Kuwait reacts sharply to US curb on its investments
Kuwait — Investments in the United States by the oil-rich Gulf states may be threatened by last week's decision to stop Kuwait from buying oil and gas interests on US federal land.
Senior Kuwaiti officials describe Interior Secretary James G. Watt's statement declaring Kuwait a ''nonreciprocal nation'' under the federal Mineral Leasing Act as ''stupid and unwise in the current investment climate.''
Mr. Watt told a March 11 news conference in Washington that Kuwait is ''discriminating against US citizens and corporations seeking to hold petroleum interests in the Gulf country.'' The secretary charged that Kuwait had forced US companies to relinquish their holdings in its energy resources but had not touched concessions held by Japanese, British, Dutch, and Spanish interests.
''Because we are committed to free trade that works in both directions, we cannot condone a practice which shuts out Americans while allowing access to citizens and corporations of other nations,'' Mr. Watt said.
The Interior Department has yet to determine whether Kuwait ''can continue to hold the lands they now have.''
Evidently embarrassed by the interior secretary's decision, senior Kuwaiti officials expressed shock and dismay. Kuwait had lobbied in recent months with the help of, among others, former President Ford against banning Kuwait from investing in US federal land.
Kuwaiti officials compare Mr. Watt's decision with the 1980 US freeze on Iranian assets in the US, enacted in retaliation for the occupation of the US Embassy in Tehran.
''People are panicking and wondering what the United States wants,'' said Dr. Mohammad al-Rumaihi, a prominent Kuwaiti intellectual and editor of the Al-Arabi magazine.
''We are counting on living off our investments in the West, but you are striking at our lifeline,'' he said, adding, ''Today it is Sante Fe, tomorrow it will be something else.''
Among possible ways of retaliation Kuwaitis suggest:
* A withdrawal of Kuwaiti funds from US banks.
* Joint action by the Gulf Cooperation Council, which includes Saudi Arabia, Kuwait, the United Arab Emirates, Bahrain, Qatar, and Oman.
* A selective boycott of US goods.
But some Kuwaiti officials, not swayed by their emotions, cautioned that Kuwait has few possibilities to counter the US measure.
Few countries are capable of absorbing the vast amounts of money Kuwait has available for investment. ''There is a limit to the threat,'' one well-informed source said, adding that ''European markets cannot all of the sudden absorb $5 to $6 billion.''
These officials warn, however, that Mr. Watt's decision may make Gulf investors think twice before starting new US projects.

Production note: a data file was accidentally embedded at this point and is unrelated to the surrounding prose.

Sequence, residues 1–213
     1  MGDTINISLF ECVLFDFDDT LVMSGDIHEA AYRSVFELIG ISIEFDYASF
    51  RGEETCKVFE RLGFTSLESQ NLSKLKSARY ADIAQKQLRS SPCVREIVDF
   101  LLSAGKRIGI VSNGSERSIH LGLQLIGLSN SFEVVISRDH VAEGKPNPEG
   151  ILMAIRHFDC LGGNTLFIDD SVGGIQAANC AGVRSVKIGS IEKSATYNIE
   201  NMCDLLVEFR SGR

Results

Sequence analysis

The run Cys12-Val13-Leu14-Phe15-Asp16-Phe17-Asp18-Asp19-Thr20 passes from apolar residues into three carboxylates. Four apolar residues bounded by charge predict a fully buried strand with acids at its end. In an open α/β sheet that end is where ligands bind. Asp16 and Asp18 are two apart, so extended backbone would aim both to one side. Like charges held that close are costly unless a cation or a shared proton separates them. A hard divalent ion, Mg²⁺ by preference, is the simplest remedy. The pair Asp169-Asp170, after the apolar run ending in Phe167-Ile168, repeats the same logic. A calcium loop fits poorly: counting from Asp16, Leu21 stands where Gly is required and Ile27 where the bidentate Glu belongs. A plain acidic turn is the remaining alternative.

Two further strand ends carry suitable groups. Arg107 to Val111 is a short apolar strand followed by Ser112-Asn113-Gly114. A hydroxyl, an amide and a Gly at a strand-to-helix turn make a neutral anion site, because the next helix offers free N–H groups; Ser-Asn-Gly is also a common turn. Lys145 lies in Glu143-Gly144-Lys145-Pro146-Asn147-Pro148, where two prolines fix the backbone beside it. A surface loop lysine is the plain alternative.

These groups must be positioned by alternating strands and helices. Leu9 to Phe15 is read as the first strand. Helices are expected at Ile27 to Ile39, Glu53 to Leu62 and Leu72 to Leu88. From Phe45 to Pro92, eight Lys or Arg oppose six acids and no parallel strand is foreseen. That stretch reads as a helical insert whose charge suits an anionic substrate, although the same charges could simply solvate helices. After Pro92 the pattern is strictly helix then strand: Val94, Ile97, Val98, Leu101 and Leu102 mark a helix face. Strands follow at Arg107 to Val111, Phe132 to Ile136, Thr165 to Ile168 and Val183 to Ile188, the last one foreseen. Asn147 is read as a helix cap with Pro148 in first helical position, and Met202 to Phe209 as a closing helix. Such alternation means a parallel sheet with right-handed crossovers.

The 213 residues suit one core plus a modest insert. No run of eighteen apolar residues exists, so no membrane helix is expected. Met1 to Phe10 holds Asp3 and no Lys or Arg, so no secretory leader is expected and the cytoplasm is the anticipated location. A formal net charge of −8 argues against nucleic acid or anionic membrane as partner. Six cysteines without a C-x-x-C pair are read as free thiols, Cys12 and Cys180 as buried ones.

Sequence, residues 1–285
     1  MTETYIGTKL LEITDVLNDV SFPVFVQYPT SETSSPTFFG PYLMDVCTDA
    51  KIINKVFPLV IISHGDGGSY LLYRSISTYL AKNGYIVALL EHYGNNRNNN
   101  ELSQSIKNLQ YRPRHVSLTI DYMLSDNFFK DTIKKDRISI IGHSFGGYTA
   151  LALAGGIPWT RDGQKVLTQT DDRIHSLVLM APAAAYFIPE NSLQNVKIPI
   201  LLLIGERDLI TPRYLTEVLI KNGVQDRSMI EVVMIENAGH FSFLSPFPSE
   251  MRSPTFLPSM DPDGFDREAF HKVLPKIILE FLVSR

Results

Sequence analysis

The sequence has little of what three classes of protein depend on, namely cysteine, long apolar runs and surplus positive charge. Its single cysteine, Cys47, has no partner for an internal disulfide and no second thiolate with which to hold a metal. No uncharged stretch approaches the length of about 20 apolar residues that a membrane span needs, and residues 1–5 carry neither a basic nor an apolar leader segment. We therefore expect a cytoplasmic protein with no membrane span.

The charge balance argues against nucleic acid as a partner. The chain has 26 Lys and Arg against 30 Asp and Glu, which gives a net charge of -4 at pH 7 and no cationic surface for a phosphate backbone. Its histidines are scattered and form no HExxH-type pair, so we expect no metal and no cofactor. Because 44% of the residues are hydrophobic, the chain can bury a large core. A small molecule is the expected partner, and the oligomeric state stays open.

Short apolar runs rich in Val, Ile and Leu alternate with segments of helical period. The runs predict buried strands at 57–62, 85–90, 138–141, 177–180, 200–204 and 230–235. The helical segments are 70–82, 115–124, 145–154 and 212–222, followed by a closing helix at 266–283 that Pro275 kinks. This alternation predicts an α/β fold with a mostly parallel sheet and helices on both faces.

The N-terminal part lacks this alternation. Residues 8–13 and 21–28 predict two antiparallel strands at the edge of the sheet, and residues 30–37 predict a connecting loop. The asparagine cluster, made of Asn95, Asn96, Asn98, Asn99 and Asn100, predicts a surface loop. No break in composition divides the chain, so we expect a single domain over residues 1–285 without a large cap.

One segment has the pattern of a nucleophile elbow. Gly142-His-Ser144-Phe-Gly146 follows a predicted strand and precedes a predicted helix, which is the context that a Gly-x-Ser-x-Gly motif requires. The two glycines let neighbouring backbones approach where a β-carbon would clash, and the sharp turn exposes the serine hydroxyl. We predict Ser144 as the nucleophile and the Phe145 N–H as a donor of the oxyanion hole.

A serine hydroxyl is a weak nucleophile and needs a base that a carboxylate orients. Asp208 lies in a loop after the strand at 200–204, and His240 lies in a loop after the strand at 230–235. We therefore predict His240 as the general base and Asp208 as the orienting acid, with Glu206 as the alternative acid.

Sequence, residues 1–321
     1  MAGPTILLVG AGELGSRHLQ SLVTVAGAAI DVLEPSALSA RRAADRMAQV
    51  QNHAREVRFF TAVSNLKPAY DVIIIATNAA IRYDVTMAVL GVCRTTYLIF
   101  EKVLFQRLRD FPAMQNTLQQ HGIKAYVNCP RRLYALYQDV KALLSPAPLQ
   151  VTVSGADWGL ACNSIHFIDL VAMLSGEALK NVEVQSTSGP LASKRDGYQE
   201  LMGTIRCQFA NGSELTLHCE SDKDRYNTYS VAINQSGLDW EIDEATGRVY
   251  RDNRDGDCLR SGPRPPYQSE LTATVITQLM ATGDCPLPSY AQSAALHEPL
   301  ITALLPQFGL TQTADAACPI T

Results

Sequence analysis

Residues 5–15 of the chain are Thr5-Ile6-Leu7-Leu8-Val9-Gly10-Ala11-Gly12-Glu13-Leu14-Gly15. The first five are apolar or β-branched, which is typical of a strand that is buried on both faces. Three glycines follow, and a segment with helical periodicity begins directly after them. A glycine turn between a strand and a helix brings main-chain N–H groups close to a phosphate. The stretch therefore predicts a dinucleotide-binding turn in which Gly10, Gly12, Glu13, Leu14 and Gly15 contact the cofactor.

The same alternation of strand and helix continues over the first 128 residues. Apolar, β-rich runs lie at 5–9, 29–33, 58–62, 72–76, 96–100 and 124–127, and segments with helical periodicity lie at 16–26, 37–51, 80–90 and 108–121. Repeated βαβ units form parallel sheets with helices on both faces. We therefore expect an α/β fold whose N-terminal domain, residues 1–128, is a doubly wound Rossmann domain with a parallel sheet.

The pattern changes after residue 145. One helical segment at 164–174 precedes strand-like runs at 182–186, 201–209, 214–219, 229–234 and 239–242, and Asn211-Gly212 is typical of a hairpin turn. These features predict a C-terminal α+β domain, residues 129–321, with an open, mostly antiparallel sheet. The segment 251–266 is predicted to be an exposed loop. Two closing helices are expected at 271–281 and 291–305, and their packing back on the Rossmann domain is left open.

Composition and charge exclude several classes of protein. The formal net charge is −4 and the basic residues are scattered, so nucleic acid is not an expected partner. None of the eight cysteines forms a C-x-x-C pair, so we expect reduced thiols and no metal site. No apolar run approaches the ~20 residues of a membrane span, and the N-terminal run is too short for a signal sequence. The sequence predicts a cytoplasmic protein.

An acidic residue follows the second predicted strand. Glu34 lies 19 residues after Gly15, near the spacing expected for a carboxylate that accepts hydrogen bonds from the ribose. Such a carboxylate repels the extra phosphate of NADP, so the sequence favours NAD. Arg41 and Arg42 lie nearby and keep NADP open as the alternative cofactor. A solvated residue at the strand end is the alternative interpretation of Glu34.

Kuwait's state-owned Kuwait Petroleum Corporation, in the largest investment ever by Mideast interests in a publicly traded US corporation, bought Sante Fe International Corporation for $2.5 billion in 1981. Sante Fe International, headquartered in Alhambra, Calif., is a major petroleum drilling, exploration, and services company, and also has engineering and construction interests. Sante Fe had acquired $9 million worth of federal energy leases before the Kuwaiti takeover.
Kuwaiti officials argue that Kuwaiti law restricts ownership rights in the country's energy resources exclusively to the Kuwaiti government. They say that Kuwait paid full compensation when it nationalized foreign oil interests in the early 1970s.
Residual Japanese interests remain only in offshore oil fields in the neutral zone shared by both Kuwait and Saudi Arabia, which is excluded from the limitations of the US law. Royal Dutch/Shell's interest in an offshore Kuwaiti concession has long been suspended. British and Spanish interests, according to Kuwaiti sources, were also relinquished years ago.
''We are a small country,'' one senior Kuwaiti official said. ''Do you want us to be swallowed by foreign interests once we break down the barriers defending our sovereignty? That's impossible.'' Kuwait's minister of state for Cabinet affairs, Abdel Aziz Hussein, told reporters that his government will insist that the Sante Fe takeover agreement be carried out. Mr. Hussein added that the agreement had been concluded legally and with the consent of all parties concerned, including the US government.
Kuwait's National Assembly is expected to debate Mr. Watt's decision today (March 15), amid calls for Kuwaiti retaliatory action.
The chairman of the Kuwait Foreign Petroleum Exploration Company, Faisal Kazmawi, warned that ''there are not many oil companies in the world with a lot of cash available to spend on large-scale exploration programs.'' Mr. Watt's decision, he said, contradicted US interests.
Charging that the decsion was ''the work of the Zionist lobby,'' Mr. Kazmawi said it could affect the $1 billion that Kuwait Petroleum Corporation was planning to inject into Sante Fe's exploration budget over the next five years.'' He added that a large part of that sum was to be spent in the US.
Mr. Watt's decision comes at a time of growing Arab exasperation with US Middle East policy - a major foreign policy dilemma for Kuwait and the Gulf states - and increasing suspicion that the US refuses to take Arab interests into account.
''The American decision is a political one and is one of the American anti-Arab stances,'' commented Kuwait's Al-Rai al-Amm newspaper.
The newspaper, voicing comments by both Kuwaiti government officials and intellectuals, charged the US wants to punish Kuwait for its support of the Palestine Liberation Organization and the Arab boycott of Israel.
Many diplomats believe that emotions will ultimately calm down.
Senior Kuwaiti oil officials say they have ''more than 100 alternatives under consideration.'' Kuwait will continue to buy mineral rights in areas not owned by the US federal government, according to Mr. Kazmawi.